The specific category is where the majority of more complex commercial operators live, because their operations involve higher risk that do not permit flight in the open category. Specific authorisation is required from the CAA. The process for obtaining the authorisation is closely aligned with the previous system for obtaining permission for commercial operations so, for most commercial operators, nothing has changed.

The certified category is for the very complex operations involving risks akin to manned aviation, such as operating beyond visual line of sight.

Reaction

The changes will represent a big shift for hobbyists not accustomed to such stringent requirements. Consumers will need to be familiar with the applicable rules or face the risk of criminal sanctions. Removing the distinction between hobby and commercial drones may add a level of certainty for all users and indirectly promote the development of drone-related technologies in the UK.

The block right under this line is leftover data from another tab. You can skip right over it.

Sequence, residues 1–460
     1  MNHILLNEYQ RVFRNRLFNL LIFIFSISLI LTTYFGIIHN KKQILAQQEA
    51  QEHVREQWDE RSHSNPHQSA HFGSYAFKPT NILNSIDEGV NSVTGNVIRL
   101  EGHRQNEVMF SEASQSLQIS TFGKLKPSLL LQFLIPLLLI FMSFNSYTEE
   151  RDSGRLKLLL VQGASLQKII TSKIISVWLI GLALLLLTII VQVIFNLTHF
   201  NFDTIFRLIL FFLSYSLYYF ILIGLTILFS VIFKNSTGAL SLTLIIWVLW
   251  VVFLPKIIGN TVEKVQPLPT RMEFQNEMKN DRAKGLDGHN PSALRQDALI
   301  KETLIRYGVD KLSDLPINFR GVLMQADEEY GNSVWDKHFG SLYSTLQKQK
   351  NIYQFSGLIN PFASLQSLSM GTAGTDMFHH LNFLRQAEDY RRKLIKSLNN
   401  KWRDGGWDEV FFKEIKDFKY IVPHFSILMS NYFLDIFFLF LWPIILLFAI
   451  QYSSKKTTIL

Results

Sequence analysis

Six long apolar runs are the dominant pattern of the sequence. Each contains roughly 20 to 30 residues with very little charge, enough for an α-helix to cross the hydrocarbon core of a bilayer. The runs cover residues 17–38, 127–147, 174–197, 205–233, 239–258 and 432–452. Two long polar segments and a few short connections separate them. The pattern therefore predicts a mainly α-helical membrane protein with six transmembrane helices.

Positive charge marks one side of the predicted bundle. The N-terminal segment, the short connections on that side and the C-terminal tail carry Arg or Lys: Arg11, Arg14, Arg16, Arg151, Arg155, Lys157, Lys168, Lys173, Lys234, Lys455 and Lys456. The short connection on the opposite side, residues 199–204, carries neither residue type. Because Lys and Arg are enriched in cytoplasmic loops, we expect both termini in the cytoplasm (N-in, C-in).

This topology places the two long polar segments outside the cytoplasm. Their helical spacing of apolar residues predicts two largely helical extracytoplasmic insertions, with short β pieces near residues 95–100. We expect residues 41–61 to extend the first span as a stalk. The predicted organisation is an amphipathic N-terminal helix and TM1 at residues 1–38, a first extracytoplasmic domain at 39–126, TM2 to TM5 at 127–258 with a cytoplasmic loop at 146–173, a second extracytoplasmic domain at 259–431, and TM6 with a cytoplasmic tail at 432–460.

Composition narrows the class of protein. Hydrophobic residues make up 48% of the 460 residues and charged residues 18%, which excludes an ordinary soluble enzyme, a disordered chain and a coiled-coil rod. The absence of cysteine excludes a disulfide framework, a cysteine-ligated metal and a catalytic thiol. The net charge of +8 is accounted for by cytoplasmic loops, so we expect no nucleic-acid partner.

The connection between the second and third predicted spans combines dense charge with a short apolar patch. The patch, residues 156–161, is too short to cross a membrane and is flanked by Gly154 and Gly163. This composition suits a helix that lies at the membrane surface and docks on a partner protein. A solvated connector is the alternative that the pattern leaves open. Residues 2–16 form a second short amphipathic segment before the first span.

Implications for insurers

The classifications of unmanned aircraft based on the level of risk they represent will need to be reflected in the drafting of policies, and insurers will want to check that their wordings are still relevant if referring in any details to the level of competency expected of a pilot. These changes may assist the streamlining of wordings across European countries adopting the same standards (i.e. EU and UK).

Interestingly, parliament did not use this opportunity to bring in any specific rules for insurance. Requirements for insurance will continue to be governed by rules initially implemented through EU regulation in relation to all aircraft. In our previous responses to government consultations on drone use, Kennedys have stressed the importance of specific rules around insurance, and the need to consult with the insurance sector. As usage and regulation increase, we will continue to reinforce this message.

Read other items in London Market Brief - May 2021